In the course of studies on the incorporation of sodium [35S]sulfate into sulfatide in patients with neurological disorders, a metabolically active substance was found which resembles sulfatide both in solubility and behavior on column chromatography but is separable from it on thin-layer chromatography, A method was devised for the isolation of larger quantities of this material. It was found to have the same melting point and Chromatographie properties as authentic cholesterol sulfate and strongly resembles it in its infrared spectrum, Mild acid hydrolysis yielded a substance identical to cholesterol in its melting point, and infrared and nuclear magnetic spectra. A survey of human tissues revealed the presence of small amounts of cholesterol sulfate in plasma, bile, urine, liver, kidney, and larger quantities in feces. It was also found in the brain of a 4-day-old infant. Intravenously administered sodium [35S]sulfate was rapidly incorporated into cholesterol sulfate. Until recently, cholesterol sulfate had not been isolated from any biological material. This study demonstrates that it is metabolically active and that it is present in a variety of human tissues and body fluids.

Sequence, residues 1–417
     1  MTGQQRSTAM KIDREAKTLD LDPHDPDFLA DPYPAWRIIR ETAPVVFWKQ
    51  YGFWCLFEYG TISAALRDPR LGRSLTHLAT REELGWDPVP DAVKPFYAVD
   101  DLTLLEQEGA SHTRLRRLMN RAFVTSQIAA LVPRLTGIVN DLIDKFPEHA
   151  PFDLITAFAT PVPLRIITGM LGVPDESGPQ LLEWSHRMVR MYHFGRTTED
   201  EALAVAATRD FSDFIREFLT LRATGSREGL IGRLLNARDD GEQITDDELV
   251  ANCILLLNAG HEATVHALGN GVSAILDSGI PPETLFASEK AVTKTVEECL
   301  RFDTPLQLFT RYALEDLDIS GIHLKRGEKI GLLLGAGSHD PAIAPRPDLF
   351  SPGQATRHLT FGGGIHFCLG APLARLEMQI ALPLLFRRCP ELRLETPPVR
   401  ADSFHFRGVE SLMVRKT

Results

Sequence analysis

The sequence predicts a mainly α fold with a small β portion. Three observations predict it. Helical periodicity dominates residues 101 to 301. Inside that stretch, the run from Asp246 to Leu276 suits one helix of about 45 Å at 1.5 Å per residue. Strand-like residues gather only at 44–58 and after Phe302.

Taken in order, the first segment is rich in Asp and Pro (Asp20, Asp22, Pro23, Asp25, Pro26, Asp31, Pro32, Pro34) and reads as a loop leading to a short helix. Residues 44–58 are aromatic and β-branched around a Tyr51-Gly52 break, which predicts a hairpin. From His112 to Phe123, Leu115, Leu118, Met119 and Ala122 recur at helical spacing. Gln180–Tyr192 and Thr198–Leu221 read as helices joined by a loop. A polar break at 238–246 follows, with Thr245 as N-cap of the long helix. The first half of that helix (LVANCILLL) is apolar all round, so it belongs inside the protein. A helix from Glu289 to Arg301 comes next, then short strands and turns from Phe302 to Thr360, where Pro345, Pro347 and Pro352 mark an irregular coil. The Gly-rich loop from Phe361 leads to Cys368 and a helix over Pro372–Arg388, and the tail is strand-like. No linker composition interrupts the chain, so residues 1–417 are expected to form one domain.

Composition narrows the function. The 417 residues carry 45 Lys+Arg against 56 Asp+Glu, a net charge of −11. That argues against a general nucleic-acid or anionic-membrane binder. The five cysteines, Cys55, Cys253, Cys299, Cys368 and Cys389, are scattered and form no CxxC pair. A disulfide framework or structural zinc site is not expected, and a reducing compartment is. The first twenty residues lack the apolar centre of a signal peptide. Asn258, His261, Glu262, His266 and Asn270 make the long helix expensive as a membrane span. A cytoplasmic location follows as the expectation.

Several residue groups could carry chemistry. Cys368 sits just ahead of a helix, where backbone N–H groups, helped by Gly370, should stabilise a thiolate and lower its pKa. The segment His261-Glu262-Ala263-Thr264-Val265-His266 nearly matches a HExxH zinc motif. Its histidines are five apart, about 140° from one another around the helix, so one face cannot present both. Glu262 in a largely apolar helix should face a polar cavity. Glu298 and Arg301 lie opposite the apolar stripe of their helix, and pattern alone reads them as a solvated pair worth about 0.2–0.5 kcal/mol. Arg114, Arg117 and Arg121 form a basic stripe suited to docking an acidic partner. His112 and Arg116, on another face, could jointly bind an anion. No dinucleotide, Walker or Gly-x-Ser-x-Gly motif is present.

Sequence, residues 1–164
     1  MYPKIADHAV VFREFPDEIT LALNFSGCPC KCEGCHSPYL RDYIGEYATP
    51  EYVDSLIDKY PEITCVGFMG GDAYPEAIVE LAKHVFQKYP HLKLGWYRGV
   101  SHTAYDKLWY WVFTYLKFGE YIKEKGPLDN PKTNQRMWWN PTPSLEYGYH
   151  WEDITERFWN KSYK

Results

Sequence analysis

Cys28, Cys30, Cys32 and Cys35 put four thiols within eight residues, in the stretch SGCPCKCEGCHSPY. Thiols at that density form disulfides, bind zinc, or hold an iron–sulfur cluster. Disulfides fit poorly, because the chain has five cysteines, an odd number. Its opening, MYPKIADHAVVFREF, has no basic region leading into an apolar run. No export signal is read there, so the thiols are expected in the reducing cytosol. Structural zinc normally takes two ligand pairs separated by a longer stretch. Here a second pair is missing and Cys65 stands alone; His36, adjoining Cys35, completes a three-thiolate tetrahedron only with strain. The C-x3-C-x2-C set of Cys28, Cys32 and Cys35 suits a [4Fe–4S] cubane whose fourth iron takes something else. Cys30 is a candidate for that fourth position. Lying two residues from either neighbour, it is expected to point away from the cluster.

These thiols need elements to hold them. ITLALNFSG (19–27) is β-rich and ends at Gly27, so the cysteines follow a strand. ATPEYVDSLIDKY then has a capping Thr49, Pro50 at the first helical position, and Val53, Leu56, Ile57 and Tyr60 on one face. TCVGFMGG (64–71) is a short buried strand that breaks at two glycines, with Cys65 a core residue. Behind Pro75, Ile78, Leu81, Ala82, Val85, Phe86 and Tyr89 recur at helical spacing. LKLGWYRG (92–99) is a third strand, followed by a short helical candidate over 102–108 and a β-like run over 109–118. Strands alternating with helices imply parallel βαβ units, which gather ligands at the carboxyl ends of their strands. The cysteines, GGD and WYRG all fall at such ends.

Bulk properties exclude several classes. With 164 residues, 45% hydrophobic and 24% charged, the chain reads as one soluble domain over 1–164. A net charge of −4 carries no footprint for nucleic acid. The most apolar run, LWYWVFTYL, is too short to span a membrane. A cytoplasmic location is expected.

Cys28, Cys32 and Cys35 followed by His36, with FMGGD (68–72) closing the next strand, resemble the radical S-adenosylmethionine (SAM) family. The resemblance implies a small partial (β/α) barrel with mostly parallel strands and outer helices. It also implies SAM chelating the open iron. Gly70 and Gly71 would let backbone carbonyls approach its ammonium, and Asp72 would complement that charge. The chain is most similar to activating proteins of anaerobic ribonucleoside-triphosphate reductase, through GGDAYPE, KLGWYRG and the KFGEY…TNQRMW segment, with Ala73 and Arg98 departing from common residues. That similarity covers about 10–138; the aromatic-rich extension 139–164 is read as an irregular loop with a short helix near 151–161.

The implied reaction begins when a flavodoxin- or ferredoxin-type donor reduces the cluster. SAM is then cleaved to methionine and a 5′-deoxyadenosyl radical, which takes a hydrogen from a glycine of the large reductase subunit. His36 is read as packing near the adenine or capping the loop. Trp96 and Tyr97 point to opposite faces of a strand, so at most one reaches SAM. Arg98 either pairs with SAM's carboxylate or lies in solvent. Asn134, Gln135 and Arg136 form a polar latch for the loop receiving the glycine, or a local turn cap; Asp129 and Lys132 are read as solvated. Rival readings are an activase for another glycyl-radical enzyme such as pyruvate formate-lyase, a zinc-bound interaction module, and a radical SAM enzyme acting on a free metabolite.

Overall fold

|Original language||English (US)|
|Number of pages||10|
|Journal||Biochimica et Biophysica Acta (BBA)/Lipids and Lipid Metabolism|
|State||Published - Feb 1 1966|
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